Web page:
On Feb. 7, 1964, the Beatles arrived in New York City, bringing with them a wave of excitement and admiration that had already swept their native Britain and was now encroaching on the world. Few bands have had such a monumental or long-lasting impact on world culture as these Liverpudlians (yes, this is the actual term). As we celebrate half a century of their crossing of the Atlantic, the city that first received them—and that would later on be John Lennon’s home—still preserves sites that defined, or were defined by, the band’s stay in America. Here we list the Fab Four sites of the Beatles in New York.
Strawberry Fields, Central Park
This stretch of the park, between 71st and 74th streets close to Central Park West, is near where John Lennon was shot and killed on his way back to the apartment he shared with Yoko Ono. With the help of City Council members, artists, and $1 million donated by Ono, the area was dedicated to Lennon. A beautiful tile homage with the word “Imagine” was built on the site of his death. Every year on the anniversary of the murder, Dec. 8, hundreds of fans gather to pay tribute to the artist.
Similar to Hard Rock Café, Rockography, at 504 Sixth Ave., serves American comfort food in a rock ’n’ roll-themed setting, which includes a Kiss pinball machine. The restaurant serves a “Brunch with the Beatles” every weekend with classic video footage and music accompanying the meal.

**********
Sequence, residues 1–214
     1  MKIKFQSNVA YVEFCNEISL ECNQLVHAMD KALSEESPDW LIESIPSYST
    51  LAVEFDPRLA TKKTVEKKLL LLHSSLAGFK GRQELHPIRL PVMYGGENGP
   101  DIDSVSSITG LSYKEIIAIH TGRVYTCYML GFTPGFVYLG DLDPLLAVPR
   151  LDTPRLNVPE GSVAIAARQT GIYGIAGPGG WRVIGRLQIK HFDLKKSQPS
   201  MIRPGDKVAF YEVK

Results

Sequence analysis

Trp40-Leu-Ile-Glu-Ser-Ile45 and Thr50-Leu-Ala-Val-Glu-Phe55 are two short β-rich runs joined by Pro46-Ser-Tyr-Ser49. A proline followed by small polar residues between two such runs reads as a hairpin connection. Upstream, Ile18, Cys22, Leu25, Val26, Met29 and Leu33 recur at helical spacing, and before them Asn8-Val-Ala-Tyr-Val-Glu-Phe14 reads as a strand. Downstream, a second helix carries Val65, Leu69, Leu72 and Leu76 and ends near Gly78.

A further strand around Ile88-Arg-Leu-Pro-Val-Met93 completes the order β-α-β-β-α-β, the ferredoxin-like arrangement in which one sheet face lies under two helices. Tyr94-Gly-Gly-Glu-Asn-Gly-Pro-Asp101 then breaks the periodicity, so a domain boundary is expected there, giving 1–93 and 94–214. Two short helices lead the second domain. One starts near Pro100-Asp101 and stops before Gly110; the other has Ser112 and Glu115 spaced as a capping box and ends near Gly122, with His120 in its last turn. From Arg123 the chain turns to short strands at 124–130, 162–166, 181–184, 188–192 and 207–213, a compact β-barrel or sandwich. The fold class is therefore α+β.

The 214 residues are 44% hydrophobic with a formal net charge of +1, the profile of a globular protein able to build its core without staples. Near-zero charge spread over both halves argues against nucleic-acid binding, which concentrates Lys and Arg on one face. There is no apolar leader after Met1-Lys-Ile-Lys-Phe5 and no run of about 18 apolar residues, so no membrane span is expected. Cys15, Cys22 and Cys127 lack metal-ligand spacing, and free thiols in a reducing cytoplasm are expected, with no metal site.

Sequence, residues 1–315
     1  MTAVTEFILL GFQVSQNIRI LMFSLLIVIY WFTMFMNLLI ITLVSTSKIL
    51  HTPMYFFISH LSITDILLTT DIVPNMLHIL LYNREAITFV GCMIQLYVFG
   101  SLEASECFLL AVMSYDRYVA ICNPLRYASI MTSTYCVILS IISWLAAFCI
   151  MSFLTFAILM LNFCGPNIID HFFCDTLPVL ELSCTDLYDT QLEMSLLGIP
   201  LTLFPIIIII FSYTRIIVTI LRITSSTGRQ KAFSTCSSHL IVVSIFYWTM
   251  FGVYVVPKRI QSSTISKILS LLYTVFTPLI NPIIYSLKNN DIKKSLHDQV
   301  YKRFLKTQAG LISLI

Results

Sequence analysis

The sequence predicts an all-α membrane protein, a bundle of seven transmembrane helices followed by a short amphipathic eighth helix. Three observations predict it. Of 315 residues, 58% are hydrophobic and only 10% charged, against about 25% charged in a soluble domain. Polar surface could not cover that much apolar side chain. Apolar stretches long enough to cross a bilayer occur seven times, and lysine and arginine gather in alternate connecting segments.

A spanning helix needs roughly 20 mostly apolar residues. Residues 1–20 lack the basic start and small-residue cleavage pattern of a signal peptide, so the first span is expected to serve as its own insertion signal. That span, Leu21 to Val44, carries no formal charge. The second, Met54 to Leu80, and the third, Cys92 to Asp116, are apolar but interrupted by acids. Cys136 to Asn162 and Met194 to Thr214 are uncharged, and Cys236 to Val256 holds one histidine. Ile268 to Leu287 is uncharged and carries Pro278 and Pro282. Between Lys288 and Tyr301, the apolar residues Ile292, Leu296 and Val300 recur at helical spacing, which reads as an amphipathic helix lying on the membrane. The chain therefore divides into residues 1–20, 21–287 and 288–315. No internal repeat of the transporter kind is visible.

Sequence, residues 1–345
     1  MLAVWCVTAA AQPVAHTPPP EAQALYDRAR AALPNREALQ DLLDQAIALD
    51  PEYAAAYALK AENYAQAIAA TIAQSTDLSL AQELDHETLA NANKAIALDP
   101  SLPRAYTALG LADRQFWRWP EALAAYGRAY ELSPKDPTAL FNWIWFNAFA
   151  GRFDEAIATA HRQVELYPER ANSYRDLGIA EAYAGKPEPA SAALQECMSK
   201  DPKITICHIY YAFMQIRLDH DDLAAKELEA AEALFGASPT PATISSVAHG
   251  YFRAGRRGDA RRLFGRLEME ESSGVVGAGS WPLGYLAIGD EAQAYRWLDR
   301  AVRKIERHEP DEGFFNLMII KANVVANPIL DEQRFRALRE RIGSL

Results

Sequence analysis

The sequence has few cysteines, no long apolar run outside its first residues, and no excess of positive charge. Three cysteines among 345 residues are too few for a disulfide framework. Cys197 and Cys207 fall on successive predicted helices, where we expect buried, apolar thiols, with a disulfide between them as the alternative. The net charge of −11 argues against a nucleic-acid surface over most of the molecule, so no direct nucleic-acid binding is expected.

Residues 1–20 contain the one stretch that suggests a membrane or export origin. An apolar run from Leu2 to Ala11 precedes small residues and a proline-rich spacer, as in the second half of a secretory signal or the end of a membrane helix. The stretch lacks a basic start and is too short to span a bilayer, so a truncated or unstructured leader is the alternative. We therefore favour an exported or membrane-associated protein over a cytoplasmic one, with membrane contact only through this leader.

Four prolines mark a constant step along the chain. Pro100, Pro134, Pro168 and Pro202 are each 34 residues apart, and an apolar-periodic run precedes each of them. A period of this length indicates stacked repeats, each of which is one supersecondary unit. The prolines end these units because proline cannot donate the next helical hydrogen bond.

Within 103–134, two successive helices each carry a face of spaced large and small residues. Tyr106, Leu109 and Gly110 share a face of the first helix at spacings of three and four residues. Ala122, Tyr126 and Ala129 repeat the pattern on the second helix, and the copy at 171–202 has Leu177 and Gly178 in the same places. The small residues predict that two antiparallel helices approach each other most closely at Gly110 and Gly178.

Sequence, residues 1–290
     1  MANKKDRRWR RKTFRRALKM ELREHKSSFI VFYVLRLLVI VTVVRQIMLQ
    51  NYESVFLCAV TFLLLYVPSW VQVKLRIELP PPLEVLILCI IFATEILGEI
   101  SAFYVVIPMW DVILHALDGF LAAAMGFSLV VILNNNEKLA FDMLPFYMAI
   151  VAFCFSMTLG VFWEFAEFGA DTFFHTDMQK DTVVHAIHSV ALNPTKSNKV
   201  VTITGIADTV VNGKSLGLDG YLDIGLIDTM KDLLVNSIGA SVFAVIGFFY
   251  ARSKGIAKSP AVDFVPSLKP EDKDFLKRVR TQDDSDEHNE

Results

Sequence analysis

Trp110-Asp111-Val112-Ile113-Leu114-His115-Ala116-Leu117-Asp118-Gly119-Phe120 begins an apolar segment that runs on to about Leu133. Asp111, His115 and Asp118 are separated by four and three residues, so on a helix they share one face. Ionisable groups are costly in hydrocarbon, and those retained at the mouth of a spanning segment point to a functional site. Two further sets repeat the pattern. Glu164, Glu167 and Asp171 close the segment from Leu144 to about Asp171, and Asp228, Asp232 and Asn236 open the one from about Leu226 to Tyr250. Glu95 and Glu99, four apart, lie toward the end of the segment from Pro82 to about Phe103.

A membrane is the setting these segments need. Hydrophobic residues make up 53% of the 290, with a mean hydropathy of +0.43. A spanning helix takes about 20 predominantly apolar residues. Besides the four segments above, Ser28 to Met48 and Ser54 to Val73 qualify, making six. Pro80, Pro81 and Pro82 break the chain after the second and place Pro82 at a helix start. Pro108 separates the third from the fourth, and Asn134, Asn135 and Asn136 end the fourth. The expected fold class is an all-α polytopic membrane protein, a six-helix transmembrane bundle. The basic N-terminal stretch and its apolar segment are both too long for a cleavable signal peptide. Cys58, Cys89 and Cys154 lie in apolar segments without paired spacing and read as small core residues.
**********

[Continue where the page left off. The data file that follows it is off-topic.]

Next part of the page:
Ed Sullivan Theater
The current site of “Late Show With David Letterman” once hosted “The Ed Sullivan Show.” It was Sullivan himself who brought the Beatles to the U.S. after seeing them in London. The 700-seat theater received 50,000 requests for tickets, and 45 percent of all televisions in the country and 40 percent of the entire population were tuned in to watch the band’s first performance in the country.
As was becoming increasingly usual, the audience had a hard time remaining quiet or respectable, forcing Ed Sullivan to threaten his viewers, “If you don’t keep quiet, I’m going to send for a barber.”
Well, this one may not be directly related to the Beatles. However, the New York Public Library has collected a great amount of memorabilia, photos, records, and artifacts related to the band’s earlier years in America for the library’s upcoming exhibit “Ladies and Gentlemen…The Beatles!”
“Ladies and Gentlemen…The Beatles!” will open Feb. 6 (the day before the anniversary of the band’s arrival) and will run through May 10, 2014. It will be on display in the Donald and Mary Oenslager Gallery of the New York Public Library for the Performing Arts, located at 40 Lincoln Center Plaza.